Nelville's undoing at least opened up some positive possibilities: a new society of living vampires, for which he would be a living legend, a Dracula-in-reverse. We can't say that any good came out of Heston's decline and fall. As Marx pointed out in the Eighteenth Brumaire of Louis Napoleon, history repeats itself: "the first time as tragedy, then as farce."


But on to the vampires of I Am Legend!  The novel is best known for being the first full-length treatment of vampirism as a disease caused by bacterial infection. People become infected with vampirism through infection of open wounds by bacterial spores. Once these spores germinate, the patient experiences a period of lassitude. Many of the infected die, to rise again as quasi-intelligent, shambolic "dead" vampires.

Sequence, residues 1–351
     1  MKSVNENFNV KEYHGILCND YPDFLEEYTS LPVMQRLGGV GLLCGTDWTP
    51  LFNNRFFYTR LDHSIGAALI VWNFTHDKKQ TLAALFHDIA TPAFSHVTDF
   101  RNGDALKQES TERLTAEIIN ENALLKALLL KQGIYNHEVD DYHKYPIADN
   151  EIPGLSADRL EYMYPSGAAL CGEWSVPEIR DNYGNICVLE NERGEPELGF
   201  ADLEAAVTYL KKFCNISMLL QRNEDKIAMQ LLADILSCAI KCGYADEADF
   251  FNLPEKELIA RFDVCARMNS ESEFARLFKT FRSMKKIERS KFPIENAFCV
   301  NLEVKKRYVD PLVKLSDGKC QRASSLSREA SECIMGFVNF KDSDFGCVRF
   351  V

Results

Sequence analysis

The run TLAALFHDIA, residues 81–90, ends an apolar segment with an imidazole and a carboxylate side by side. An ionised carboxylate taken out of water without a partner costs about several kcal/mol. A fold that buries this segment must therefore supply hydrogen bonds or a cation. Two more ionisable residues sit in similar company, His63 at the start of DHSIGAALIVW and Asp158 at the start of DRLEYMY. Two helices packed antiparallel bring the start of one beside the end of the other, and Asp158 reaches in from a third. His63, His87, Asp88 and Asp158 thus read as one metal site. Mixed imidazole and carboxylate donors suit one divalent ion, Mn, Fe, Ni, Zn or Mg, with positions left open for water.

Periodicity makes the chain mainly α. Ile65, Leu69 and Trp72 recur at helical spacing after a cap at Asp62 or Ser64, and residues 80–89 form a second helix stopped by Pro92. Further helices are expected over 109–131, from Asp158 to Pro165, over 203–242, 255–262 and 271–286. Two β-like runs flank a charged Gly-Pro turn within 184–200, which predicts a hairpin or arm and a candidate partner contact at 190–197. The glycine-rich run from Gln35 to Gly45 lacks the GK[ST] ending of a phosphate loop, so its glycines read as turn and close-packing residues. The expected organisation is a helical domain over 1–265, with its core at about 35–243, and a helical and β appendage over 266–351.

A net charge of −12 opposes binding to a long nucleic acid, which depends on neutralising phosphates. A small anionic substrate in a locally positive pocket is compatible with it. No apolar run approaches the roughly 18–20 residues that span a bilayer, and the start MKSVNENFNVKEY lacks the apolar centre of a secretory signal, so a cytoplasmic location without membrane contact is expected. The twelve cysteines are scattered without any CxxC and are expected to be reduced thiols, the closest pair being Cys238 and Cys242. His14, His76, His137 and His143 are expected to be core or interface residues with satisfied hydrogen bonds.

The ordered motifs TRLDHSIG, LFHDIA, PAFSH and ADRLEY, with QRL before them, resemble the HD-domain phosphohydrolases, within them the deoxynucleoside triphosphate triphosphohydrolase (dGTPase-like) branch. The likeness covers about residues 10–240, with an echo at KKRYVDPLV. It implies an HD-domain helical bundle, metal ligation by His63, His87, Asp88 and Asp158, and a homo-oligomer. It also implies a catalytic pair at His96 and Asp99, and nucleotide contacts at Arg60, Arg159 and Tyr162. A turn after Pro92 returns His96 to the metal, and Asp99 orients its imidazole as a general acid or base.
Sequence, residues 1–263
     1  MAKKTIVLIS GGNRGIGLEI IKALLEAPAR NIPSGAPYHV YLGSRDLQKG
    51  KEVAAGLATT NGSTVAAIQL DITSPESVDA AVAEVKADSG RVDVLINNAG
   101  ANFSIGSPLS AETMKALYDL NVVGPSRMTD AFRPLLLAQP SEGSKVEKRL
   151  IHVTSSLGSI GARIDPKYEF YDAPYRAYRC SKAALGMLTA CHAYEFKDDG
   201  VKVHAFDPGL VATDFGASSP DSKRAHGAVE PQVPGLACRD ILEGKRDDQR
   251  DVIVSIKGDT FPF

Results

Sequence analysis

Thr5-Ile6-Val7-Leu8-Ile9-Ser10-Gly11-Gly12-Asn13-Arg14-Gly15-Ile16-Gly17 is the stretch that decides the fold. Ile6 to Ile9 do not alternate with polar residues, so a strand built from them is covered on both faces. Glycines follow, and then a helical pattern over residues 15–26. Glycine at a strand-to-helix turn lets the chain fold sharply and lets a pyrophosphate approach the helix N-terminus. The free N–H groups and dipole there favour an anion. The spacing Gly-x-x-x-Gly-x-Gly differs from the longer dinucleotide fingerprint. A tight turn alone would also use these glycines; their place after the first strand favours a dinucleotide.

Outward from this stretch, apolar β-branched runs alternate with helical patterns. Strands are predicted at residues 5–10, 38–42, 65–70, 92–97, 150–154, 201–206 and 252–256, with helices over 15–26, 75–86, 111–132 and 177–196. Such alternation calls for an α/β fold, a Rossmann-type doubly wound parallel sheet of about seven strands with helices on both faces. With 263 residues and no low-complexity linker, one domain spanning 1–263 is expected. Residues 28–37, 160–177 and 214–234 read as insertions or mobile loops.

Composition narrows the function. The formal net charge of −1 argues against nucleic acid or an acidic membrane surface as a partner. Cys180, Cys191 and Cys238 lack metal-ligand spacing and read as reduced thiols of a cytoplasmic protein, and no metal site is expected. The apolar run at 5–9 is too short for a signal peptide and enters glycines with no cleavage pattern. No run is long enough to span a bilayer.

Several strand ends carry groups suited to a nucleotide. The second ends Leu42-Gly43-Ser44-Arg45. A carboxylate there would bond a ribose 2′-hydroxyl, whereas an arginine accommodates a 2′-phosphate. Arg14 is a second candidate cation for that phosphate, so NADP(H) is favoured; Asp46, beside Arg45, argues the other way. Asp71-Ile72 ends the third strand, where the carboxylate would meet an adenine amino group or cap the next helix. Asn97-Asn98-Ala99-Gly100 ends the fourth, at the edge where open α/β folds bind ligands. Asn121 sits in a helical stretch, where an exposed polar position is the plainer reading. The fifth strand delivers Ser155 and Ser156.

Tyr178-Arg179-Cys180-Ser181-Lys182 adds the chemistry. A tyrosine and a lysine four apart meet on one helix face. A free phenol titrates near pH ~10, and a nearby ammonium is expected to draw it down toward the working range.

A minority of the infected never truly die. Instead, the bacteria and the body enter into a new symbiosis in which the vampire retains its full intelligence and vigor. These so-called "living" vampires are revealed by the novel's end to be developing into a new (post)human society. In fact, they begin an aggressive campaign to clear the cities of the dead vampires.

Both forms of vampire require blood for sustenance. Both are also resistant to bullets, but readily killed by staking or other weapons that create open wounds penetrating more deeply than 1" into the flesh. Both kinds of vampire avoid sunlight, because it kills dead vampires and harms living ones. Both kinds avoid garlic, and many if not most are afraid of crosses.